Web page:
Helen Jenkins is happy in the shadow of triathlon's Brownlee brothers.
While Alistair and Jonny Brownlee rack up victories, headlines and hype around their potential for an Olympic one-two, British team-mate Jenkins holds the women's triathlon world title and has a strong chance of gold at London 2012.
She cannot rival the column inches the Brownlees generate, but she may yet beat them at cards.
The three occupy an outdoor table at a resort on Lanzarote's north coast, on a still December evening during two weeks of warm-weather training.
The game is Texas hold 'em. "Helen's a bit of an expert," warns Jonny Brownlee, to Jenkins' left as she deals.
"I know how to play. I just don't play very well though," she counters. "Jonny won last year."
"But Helen's been to Vegas," he points out. The poker faces are on.
Rarely do British triathlon's three finest products train and socialise together like this, away from races. Jenkins is based in Bridgend, which has been her home town from a young age, with coach and husband Marc. The Brownlees train in Yorkshire.
There is an easy familiarity between them, though. Alistair, the senior Brownlee at 23, discusses books he has read this season. Jonny, 21, excitedly reports to Jenkins, 27, that Football Manager is now available on a Mac.
The thought that all three of them could, should, have Olympic medals by this time next year feels remote.
"Coming out here is always a good kick-off to the season," says Jenkins, who will return to Lanzarote for a second time in early 2012, nearer to the start of the new season in April.
"We've been coming here for a few years but I didn't expect, at the start of last year, to be coming back as the world champion."
Jenkins won only one of the seven races which went towards the 2011 world title. It was her consistency in the others, recording three second-place finishes, which saw her push ahead of her closest rival, New Zealand's Andrea Hewitt, and win the title.
However, the one race Jenkins did win was in London. And, having finished 21st at the Beijing Olympics in 2008 despite winning the world title (then a one-off race) in the same year, she knows how important getting it right on the day will be in 2012.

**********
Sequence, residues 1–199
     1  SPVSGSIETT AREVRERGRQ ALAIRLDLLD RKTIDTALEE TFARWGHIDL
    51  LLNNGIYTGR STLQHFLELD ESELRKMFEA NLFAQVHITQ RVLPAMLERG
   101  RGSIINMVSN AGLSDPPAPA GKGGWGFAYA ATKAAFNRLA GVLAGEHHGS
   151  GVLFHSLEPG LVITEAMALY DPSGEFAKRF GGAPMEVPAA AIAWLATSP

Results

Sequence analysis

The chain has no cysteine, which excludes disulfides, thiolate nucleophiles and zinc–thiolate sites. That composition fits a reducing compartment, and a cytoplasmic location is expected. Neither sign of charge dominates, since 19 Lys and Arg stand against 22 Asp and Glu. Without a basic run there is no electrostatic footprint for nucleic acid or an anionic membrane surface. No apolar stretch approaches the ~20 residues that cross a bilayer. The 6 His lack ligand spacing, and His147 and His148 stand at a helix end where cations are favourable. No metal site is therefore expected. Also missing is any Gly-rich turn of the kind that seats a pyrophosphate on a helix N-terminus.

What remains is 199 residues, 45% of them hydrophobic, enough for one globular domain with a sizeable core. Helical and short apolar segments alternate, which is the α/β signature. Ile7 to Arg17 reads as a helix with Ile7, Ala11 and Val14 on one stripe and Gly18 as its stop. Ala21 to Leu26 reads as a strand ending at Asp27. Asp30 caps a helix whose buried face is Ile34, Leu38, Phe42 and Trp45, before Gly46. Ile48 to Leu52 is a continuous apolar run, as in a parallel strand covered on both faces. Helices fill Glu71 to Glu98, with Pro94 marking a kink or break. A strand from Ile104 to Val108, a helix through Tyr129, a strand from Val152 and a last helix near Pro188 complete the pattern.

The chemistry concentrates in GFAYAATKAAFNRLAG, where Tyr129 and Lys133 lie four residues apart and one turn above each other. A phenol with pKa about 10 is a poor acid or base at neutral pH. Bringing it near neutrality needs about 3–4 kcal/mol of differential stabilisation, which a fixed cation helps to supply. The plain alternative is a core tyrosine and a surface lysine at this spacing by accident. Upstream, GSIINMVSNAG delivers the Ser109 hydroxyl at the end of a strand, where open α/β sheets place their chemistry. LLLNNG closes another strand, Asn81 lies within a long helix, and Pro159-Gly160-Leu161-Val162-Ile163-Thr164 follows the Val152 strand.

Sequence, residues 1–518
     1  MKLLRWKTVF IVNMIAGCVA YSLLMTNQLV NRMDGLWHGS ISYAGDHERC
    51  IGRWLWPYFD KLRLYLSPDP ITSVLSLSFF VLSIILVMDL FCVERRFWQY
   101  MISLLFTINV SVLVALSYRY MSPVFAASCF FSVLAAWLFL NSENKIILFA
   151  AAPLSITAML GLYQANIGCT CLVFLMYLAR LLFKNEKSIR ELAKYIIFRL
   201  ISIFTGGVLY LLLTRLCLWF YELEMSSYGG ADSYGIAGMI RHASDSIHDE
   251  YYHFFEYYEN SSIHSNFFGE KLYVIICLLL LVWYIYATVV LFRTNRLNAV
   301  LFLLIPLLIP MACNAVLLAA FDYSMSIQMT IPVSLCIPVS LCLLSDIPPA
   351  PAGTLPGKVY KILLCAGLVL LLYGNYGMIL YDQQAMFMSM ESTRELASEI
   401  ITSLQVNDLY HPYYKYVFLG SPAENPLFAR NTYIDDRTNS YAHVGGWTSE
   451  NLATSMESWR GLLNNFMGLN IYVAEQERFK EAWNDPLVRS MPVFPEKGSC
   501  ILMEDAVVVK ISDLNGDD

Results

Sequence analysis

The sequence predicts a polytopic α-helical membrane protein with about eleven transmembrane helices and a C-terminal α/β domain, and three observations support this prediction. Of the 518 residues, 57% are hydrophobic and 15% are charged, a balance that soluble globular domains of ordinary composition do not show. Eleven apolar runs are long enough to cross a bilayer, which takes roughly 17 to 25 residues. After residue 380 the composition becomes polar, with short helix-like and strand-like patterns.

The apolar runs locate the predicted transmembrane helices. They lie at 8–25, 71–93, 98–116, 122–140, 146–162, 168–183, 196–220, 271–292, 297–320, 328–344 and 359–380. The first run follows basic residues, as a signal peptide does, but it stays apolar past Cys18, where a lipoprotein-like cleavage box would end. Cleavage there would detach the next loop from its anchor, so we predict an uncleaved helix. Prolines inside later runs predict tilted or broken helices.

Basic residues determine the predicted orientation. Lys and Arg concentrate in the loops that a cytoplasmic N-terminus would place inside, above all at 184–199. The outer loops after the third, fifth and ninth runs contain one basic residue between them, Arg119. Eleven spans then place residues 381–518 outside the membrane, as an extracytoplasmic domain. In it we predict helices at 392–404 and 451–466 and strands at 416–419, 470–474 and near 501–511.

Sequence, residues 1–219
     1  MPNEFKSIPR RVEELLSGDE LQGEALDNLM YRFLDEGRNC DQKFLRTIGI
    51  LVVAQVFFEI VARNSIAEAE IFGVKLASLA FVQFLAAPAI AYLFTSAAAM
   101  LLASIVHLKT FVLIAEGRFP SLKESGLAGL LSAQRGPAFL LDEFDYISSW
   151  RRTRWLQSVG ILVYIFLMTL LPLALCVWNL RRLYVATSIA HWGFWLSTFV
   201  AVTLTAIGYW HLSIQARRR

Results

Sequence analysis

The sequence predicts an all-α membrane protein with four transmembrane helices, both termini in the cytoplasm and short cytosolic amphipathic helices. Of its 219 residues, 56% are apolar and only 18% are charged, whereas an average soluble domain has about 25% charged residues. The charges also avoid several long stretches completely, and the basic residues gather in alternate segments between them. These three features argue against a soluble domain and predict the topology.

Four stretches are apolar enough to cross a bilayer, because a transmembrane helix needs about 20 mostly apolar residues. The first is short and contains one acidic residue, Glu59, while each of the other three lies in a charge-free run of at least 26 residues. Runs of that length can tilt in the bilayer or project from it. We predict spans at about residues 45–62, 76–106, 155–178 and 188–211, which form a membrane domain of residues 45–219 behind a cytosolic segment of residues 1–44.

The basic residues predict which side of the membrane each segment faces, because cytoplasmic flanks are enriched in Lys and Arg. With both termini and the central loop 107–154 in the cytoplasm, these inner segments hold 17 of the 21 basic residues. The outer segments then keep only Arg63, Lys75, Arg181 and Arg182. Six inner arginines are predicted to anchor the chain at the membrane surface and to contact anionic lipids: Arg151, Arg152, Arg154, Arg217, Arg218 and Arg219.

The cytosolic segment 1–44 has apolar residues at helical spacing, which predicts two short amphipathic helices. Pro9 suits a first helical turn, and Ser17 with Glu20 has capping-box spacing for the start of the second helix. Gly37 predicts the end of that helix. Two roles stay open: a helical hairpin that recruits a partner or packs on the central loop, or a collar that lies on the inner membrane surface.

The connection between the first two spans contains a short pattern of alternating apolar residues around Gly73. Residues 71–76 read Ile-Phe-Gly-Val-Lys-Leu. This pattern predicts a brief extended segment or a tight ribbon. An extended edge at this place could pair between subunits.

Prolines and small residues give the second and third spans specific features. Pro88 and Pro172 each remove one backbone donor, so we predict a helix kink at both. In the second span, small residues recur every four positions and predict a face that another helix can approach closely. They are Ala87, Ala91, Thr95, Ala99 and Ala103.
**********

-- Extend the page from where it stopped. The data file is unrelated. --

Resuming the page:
"My main aim in 2011 was Hyde Park. It was all about the one race in August. That was pretty much our Olympic selection race.
"Hyde Park was incredible; I've not experienced support like that in a race before. Considering we raced at 8.30 in the morning there were a lot of people out, even at the farthest point of the course, shouting for British athletes by name.
"We finished at 10.30 and I didn't get back to my hotel for five more hours after all the drug testing and media. It was intense, but that pressure you put on yourself for that one day is why we wanted it to be the one focus for the year. That replicated the Olympics."
Since that world title in 2008 - a result she admits shocked even her - Jenkins has embarked upon a steady, relentless slog towards the summit, knowing the consistency which won her the 2011 world title will make a gold medal-winning performance on 4 August 2012 all the more likely.
Her journey to London 2012 is in marked contrast to that of the Brownlees. Since a teenage Alistair finished 12th at Beijing 2008, the brothers have swept all before them in a remarkably short period.
"Alistair has won over 50% of his World Championship Series races, and that's amazing. That's such an achievement. And because there's two of them…" Jenkins trails away, as awestruck as anyone at the Brownlee family.
"It's been a slower progression for me. Ali was 12th at the 2008 Olympics then won every race he entered in 2009. I just haven't had that sort of explosion on to the scene.
"I've been around longer and more under the radar. But I'm not after the media spotlight. I love doing triathlon and I'm aiming for gold at London 2012, but I'm never after getting my name in all the papers or being on the front of the magazine."
This hand is reaching its climax. Jenkins produces a pair of threes. Jonny Brownlee, a pair of sevens. Alistair Brownlee is last to show.
"Ooh, three fives. Unlucky. Thank you very much," he beams, marshalling an unwieldy pile of chips back to his side of the table.
Chalk up another Brownlee win, something the British media expects at London 2012 with ever-increasing fervour.
"You could start to think Olympic gold is in the bag, especially on the men's side," says Jenkins. "But the athletes don't think like that.
"Your training is what makes you ready for gold, not reading the papers. The group we've got are doing well because they're driven and motivated and not listening to all the other stuff going on."